No matter when the Jewish holidays fall, there is always a certain newness about the fall. It is the beginning of the school year, full of new friends, new teachers, new classes, new challenges and probably new clothes and new supplies. In many places the air turns crisp and invigorating, making us feel ready for the new season of beginnings.
In Jewish Orange County there are new people, new organizations and reinvigorated organizations, as well as familiar faces in new roles. Things are happening non-stop, and we are still a month away from the New Year. Our tradition tells us to take time away from the mad frenzy and take stock of ourselves.
Why is Elul so special, and why do we need a whole month to prepare for the High Holy Days? Why should we take advantage of every chance we get to reflect and reinvigorate?
“Elul is traditionally a time of introspection and stocktaking — a time to review one’s deeds and spiritual progress over the past year, and prepare for the upcoming ‘Days of Awe,’” according to www.chabad.org. “Chassidic master Rabbi Schneur Zalman of Liadi likens the month of Elul to a time when ‘the king is in the field,’ and, in contrast to when he is in the royal palace, ‘everyone who so desires is permitted to meet him, and he receives them all with a cheerful countenance, showing a smiling face to them all,’” the site explains.
As Judaism 101 (www.jewfaq.org) explains, “According to tradition, the month of Elul is the time that Moses spent on Mount Sinai preparing the second set of tablets after the incident of the golden calf (Ex. 32; 34:27-28). He ascended on Rosh Chodesh Elul and descended on the 10th of Tishri, at the end of Yom Kippur, when repentance was complete. Other sources say that Elul is the beginning of a period of 40 days that Moses prayed for G-d to forgive the people after the Golden Calf incident, after which the commandment to prepare the second set of tablets was given.”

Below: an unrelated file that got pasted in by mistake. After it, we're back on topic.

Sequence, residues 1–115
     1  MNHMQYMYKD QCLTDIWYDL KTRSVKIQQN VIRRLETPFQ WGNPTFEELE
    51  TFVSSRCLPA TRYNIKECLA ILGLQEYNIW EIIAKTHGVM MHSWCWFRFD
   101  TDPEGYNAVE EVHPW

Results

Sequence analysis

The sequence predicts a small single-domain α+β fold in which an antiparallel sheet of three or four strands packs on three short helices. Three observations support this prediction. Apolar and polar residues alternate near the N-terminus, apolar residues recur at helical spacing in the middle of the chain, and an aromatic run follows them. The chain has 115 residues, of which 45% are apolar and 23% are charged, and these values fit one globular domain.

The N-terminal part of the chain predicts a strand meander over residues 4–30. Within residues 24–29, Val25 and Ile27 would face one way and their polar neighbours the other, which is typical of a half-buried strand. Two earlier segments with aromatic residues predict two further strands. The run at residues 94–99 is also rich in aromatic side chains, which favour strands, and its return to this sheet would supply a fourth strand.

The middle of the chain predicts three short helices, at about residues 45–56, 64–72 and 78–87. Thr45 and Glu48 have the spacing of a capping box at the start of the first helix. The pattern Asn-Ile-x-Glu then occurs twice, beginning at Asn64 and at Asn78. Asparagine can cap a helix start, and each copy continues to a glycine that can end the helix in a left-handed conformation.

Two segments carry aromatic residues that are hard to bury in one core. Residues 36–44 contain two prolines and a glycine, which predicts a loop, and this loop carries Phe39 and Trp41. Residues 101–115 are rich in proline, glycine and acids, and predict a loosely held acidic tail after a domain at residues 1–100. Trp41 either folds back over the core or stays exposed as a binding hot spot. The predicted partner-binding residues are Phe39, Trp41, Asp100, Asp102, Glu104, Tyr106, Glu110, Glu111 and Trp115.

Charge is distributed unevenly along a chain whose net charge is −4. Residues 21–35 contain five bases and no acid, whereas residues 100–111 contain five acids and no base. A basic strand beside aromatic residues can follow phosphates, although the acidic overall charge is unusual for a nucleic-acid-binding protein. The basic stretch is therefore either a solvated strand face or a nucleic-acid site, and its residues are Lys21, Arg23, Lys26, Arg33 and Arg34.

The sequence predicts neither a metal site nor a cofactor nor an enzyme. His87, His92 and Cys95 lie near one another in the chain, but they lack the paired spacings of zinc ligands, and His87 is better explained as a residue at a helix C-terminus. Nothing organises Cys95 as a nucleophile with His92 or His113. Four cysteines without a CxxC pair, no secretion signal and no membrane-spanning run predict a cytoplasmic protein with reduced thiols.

Perhaps the best explanation of Elul is an article written by Rabbi Harold Schulweis z”l, an activist, author and rabbi of Congregation Valley Beth Shalom (www.vbs.org) and presented on Jewels of Elul (www.jewelsofelul.com), a treasure trove of thoughts to prepare people for Rosh Hashanah:
Not what is a Jew, but what ought a Jew to be.
Not what is a synagogue, but what ought a synagogue to be.
Not what prayer is, but what prayer ought to be.
Not what ritual is, but what ritual ought to be.
Focus from is to ought, and our mindset is affected. Is faces me toward the present; ought turns me to the future. Ought challenges my creative imagination and opens me to the realm of possibilities and responsibilities to realize yesterday’s dream.
Ought and is are complementary. Without an is, the genius of our past and present collective wisdom is forgotten. Without an ought, the great visions of tomorrow fade.
Ought demands not only a knowledge of history but of exciting expectation. Is is a being, ought is a becoming.
Ought emancipates me from status quo thinking.
Ought is the freedom of spirit.
Ought we not Ought?”